In International Paper, Inc. vs. Cynthia Bridges, 42, 023 (La. App. 2nd Cir. 4/4/07), 2007 WL 983965 (not designated for publication), the Louisiana Court of Appeal, Second Circuit, reinterpreted the “further processing” provision of the Louisiana sales tax law. Under the further processing provision, tangible personal property purchased for further processing into tangible personal property for sale at retail is not subject to Louisiana sales/use tax. La. R.S. 47:301(10)(c)(i)(aa). Historically, Louisiana law had applied a three part test to the identification of a nontaxable further processing material: (1) The further processing material must be a benefit to the end product; (2) The further processing material must be a recognizable and identifiable component of the end product, and (3) A purpose for purchasing the further processing material must have been for processing into the end product.

The application of this test was considered in Tarver vs. Ormet Corporation, 91-0361 (La. App. 1st Cir. 4/10/092), 597 So.2d 1172, Writ Denied, 92-1376 (La. 9/18/92), 604 So.2d 964). In the Ormet case the Court of Appeal, First Circuit determined that oxygen atoms from caustic soda did provide an identifiable beneficial ingredient to the end product alumina and that one of the purposes for purchasing the caustic soda was to process the oxygen atoms into the end product alumina. Based on this analysis, the First Circuit determined that the caustic soda was a nontaxable further processing material.

In the International Paper case, International Paper contended that three bleaching chemicals-sodium chlorate, oxygen, and hydrogen peroxide-were nontaxable further processing materials.

Contrary to the Ormet decision, in the International Paper case, the Court of Appeal, Second Circuit identifies a four part test for the identification of furthering processing materials: (1) The material itself must be processed into tangible personal property for sale at retail; (2) The material must become a recognizable, integral part of the end product; (3) The presence of the material as a component of the end product must be of benefit to the end product, and (4) The primary purpose for the purchase of the material must be to process it into the end product.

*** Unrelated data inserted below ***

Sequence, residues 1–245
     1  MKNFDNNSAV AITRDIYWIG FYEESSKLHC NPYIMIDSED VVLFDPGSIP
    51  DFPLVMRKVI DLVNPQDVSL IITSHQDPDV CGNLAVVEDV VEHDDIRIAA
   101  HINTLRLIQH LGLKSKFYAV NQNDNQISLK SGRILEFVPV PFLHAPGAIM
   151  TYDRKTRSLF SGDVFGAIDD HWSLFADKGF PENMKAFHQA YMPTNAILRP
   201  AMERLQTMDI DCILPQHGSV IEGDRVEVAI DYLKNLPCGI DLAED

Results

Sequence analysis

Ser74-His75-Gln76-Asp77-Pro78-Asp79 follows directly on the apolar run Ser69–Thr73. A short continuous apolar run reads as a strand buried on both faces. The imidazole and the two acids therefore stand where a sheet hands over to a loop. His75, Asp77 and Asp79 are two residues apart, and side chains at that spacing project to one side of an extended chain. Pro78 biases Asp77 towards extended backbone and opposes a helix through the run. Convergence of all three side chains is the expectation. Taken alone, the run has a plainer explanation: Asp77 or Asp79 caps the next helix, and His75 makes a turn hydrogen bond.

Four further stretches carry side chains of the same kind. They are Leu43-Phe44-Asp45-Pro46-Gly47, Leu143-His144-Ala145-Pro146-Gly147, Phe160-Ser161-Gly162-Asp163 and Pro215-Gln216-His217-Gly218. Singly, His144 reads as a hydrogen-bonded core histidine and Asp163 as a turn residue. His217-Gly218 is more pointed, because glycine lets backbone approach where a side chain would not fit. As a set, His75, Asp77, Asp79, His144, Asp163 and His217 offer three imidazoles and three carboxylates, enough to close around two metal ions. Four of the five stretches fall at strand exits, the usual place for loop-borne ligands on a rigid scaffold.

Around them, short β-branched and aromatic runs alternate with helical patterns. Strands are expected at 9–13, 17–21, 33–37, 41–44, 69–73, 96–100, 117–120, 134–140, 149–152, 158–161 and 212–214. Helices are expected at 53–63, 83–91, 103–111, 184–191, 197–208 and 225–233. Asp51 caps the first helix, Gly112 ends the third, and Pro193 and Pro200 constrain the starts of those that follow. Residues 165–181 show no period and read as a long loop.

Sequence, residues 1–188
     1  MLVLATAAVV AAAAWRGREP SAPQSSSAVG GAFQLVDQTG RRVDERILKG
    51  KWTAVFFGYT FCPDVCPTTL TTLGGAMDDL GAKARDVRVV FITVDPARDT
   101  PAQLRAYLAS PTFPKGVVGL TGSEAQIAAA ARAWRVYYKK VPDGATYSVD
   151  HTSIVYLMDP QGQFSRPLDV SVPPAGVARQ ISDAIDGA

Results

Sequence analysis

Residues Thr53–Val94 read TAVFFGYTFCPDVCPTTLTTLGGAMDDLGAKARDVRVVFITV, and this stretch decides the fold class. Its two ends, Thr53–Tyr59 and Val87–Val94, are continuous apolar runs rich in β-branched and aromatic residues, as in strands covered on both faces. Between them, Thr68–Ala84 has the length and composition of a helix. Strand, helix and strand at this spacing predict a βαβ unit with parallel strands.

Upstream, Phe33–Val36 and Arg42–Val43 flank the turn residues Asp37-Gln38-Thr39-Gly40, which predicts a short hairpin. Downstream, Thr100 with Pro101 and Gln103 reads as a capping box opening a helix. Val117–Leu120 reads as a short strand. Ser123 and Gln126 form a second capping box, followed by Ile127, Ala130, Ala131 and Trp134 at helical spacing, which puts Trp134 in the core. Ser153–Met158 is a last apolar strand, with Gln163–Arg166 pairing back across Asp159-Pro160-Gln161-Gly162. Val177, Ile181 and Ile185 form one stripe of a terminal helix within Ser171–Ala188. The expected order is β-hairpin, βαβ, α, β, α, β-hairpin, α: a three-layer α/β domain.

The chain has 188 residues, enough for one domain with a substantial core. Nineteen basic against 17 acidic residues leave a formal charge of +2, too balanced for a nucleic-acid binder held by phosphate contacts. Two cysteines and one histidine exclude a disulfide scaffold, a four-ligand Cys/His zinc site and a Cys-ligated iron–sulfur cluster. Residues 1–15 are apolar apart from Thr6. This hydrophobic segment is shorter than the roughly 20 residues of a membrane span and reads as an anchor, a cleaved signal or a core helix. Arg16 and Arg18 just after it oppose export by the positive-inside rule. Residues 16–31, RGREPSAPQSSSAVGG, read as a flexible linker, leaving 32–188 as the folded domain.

Based upon this test, the court determined that the bleaching chemicals did not meet the further processing standard even though they did provide oxygen atoms as an identifiable beneficial ingredient of the end product paper. The International Paper court relies on Traigle vs. PPG Industries, Inc., 332 So.2d 777 (La. 1976) and Vulcan Foundry, Inc. vs. McNamara, 414 So.2d 1193 (La. 1982) for the “primary purpose” test. In PPG Industries, Inc., the court determined that while constituents of the graphite blades used to make chlorine were present in the end product that the presence was in the nature of a waste material and was not beneficial to the final product. In Vulcan Foundry, Inc., the Louisiana Supreme Court determined that carbon coke used to heat the copula used in the manufacture of iron manhole covers and which contributed some small amount of beneficial carbon to the end products was not a further processing material. The Louisiana Supreme Court found that the coke had been purchased for the purpose of heating scrap iron and that the small amount of carbon in the finished product was incidental.

The International Paper court disagrees with the Ormet decision. In addition to a primary purpose test, apparently, the International Paper court would require the actual further processing material itself (not constituents of the further processing material) to be found in the end product. In this regard, the Court of Appeal, Second Circuit says:

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However, we concluded that the oxygen from the chemicals is not the same thing as the original chemicals generated, and we are not persuaded that because we know the source of the oxygen molecules, the requirement that the original raw material be recognizable and an integral part of the finished product is met. Clearly the oxygen atoms are an integral part of the lignin as a result of the process; however, the oxygen in the lignin is neither sodium chlorate, hydrogen peroxide nor elemental oxygen, but simply atoms of oxygen now bonded to lignin.

The Court of Appeal, Second Circuit has declined to rehear the case but attorneys for International Paper have advised that a writ application will be filed with the Louisiana Supreme Court